Matsui’s stellar career, easy charm won admirers on, off baseball diamond


Happy New Year and welcome to 2013. One of the bigger stories to close out the 2012 baseball news year was the retirement of former Yomiuri Giants and New York Yankees slugger Hideki Matsui at the age of 38. The Dec. 28 announcement ended the career of one of the more memorable players in Japanese baseball and MLB: No. 55, Godzilla.

Matsui gained national prominence in Japan as a high school player in the early 1990s. He was so far ahead of everyone else, and opposing teams so anticipated he might hit a home run every time he stepped up to the plate, they walked him intentionally — even with the bases loaded — during the national tournament at Koshien Stadium.

He joined the Giants at 18 in 1993, two years before Hideo Nomo would open the door for Japanese players to go to the majors, and it was predicted Matsui would go on to become one of the all-time greats in Japanese baseball over the next two decades. He wound up playing only 10 years in Tokyo, but spectacular years they were.

There were the Central League home run and RBI titles, a batting crown, three MVP awards, four CL pennants and three Japan Series championships, and we will never know how many more prizes Matsui might have won and where he would have ranked statistically among the best hitters in Japan had he stayed.

Nomo opened the “genkan,” or entrance way, to the majors for Japanese pitchers in 1995, followed by others such as Hideki Irabu and Kazuhiro Sasaki. But when Ichiro Suzuki was posted and found immediate success with the Seattle Mariners in 2000, Matsui realized Japanese hitters also had a chance in the big leagues.

Following the 2002 season in which he belted 50 homers, took home a third CL MVP trophy and led the Giants to a sweep of the Seibu Lions in the Japan Series, Matsui decided to use his free agency and follow Ichiro to North America.

“I would like to test my skills at the highest level,” he said at the time, and he prepared a letter and resume in English to be sent to all 30 MLB clubs, intending — perhaps naively — to present himself without the use of an agent. Eventually, he was convinced it was best to have representation, and he hired one of the best in Arn Tellem.

“It doesn’t matter which team I join; any major league club would be fine,” Matsui said in December of 2002.

However, I really think he had his head and his heart set on going to New York, wearing the fabled pinstripe uniform and playing in Yankee Stadium, the home of Babe Ruth, Lou Gehrig, Joe DiMaggio and Mickey Mantle — and that short right-field porch so friendly to left-handed sluggers.

At first, there were attempts by members of the Giants hierarchy and Yomiuri parent company officials to dissuade Matsui from leaving the team. His manager and mentor, Shigeo Nagashima, advised him to stay with the club. So did his last manager with the Giants, Tatsunori Hara, but Matsui was determined to go.

Once Matsui officially signed with New York, the entire Yomiuri group wished him well and began to think how it could take advantage of the situation. The Giants established a working relationship with the Yankees, who had been longtime partners with the Nippon Ham Fighters.

A highlight came in March of 2004 when the Yanks with Matsui traveled to Japan to open the MLB season against the Tampa Bay Devil Rays. Sold-out crowds packed Tokyo Dome to see their hero perform in a Yankees uniform, and manager Joe Torre obliged requests to play Matsui in center field and bat him fourth during exhibition games against the Giants and Hanshin Tigers.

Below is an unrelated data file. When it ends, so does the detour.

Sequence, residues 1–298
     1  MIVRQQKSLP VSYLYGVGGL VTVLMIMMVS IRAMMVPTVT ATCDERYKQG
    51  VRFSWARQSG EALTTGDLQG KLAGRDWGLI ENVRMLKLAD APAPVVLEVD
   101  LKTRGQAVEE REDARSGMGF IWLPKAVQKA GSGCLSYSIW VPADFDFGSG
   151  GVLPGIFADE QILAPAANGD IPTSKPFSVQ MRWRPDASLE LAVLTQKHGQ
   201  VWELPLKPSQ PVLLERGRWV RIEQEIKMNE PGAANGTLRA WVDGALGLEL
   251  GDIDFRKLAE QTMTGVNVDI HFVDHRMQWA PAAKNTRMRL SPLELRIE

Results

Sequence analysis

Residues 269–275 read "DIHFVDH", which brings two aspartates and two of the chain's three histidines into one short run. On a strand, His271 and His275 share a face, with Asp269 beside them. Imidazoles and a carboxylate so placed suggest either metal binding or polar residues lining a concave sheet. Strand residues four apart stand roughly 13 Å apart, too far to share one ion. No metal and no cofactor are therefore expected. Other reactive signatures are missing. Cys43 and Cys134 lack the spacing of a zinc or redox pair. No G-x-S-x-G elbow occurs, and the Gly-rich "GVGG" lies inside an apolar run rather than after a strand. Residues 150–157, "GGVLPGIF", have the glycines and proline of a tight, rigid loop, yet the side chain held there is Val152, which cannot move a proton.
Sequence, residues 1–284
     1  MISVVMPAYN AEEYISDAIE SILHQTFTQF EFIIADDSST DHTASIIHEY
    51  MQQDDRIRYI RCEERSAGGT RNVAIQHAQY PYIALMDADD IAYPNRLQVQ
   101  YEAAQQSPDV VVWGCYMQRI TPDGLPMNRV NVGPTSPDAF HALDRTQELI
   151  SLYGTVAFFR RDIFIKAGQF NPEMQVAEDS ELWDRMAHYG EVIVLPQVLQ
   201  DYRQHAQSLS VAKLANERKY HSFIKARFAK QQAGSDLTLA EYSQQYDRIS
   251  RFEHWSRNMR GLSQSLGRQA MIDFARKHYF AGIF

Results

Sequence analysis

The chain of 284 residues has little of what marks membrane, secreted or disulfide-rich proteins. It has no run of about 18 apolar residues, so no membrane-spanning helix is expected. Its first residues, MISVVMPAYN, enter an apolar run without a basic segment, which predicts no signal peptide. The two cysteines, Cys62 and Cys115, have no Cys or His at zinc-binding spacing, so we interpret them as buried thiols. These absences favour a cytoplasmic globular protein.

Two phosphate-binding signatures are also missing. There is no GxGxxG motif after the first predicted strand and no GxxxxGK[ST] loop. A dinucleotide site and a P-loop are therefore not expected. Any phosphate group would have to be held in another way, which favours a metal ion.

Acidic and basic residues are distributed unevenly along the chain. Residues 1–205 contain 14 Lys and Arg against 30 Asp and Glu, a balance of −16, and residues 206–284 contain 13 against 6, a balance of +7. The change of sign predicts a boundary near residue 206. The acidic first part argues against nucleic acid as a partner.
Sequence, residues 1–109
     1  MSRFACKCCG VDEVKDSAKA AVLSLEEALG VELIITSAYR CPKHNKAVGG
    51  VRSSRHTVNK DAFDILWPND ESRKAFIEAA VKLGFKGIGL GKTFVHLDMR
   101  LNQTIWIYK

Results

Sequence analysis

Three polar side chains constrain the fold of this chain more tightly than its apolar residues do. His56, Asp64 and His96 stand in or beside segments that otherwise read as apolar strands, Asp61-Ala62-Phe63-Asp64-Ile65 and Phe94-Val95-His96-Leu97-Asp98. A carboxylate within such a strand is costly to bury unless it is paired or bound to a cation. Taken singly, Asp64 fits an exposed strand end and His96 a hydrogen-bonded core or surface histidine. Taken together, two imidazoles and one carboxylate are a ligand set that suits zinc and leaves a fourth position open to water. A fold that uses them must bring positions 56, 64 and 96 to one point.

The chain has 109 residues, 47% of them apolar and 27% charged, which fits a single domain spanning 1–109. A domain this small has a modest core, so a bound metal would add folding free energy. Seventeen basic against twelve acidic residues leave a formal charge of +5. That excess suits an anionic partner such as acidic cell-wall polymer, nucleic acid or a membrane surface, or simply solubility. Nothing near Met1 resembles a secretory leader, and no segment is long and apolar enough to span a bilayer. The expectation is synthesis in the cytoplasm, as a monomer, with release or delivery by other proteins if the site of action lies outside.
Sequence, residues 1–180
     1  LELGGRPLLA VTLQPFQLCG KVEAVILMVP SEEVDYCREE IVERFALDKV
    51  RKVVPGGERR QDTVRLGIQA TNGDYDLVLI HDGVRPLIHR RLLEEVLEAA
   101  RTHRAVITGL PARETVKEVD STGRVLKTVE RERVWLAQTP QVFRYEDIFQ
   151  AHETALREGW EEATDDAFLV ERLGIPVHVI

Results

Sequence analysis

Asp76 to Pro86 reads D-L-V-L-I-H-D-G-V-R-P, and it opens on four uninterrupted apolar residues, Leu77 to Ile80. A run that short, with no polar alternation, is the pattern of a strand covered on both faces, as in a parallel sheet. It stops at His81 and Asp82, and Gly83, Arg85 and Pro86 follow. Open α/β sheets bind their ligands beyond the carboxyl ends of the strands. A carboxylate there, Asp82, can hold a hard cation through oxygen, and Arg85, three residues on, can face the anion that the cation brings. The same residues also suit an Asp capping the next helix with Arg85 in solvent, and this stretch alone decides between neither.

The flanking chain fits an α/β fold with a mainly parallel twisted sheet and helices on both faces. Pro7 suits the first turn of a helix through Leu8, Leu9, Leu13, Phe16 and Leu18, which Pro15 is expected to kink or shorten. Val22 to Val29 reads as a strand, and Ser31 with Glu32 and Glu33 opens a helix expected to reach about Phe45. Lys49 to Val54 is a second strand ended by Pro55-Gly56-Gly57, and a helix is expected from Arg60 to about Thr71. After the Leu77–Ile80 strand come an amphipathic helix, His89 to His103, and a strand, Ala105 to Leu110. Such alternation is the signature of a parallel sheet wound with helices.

During his seven years in Gotham, Matsui was able to make the adjustment to the big leagues, the Big Apple and the big Yankee Stadium (old and new, the latter opened in 2009), enjoying productive seasons with his teammates. He was able to finish his career with New York as a hot hitter, belting three homers in the 2009 World Series against the Philadelphia Phillies and earning the Series MVP honor.

He spent 2010-12 with the Los Angeles Angels, Oakland Athletics and Tampa Bay Rays, but his performance was nothing like his Yankees days. His troubling knee problems got worse, and he was released by the Rays last summer. He sat out the rest of the year as the Japanese media began to speculate on his future.

Rumors surfaced Matsui was wanted back in Japan by at least three teams: the Fighters, Tohoku Rakuten Golden Eagles and Yokohama BayStars, but he insisted he would play again in the majors or nowhere. Until the day before he announced his retirement last week, there had been talk the Houston Astros might have interest. The Astros, moving to the American League this season, could have used him as a designated hitter.

For sure, Matsui was one of the most gracious in giving autographs to fans and posing for photos. I can recall seeing him inside the gate at New Chitose Airport in Sapporo during his heyday with the Giants. Fans and travelers, surprised to see him browsing in the shops, asked him for a favor. He refused no one.

After signing or posing, he politely responded to the fans’ appreciation by saying, “Ton de mo nai,” which can have various translations such as “you’re welcome,” “don’t mention it,” or “no problem,” but when Matsui was saying it, the best English version might have been, “it was my pleasure.”

What does he do now?

No doubt Japanese TV and radio stations will invite Matsui to a seat in the broadcast booth, as a regular or for special occasions. It would also not be a surprise if he was someday named manager of the Giants or another Japanese team — if that is something he would like to do.

Contact Wayne Graczyk at: Wayne@JapanBall.com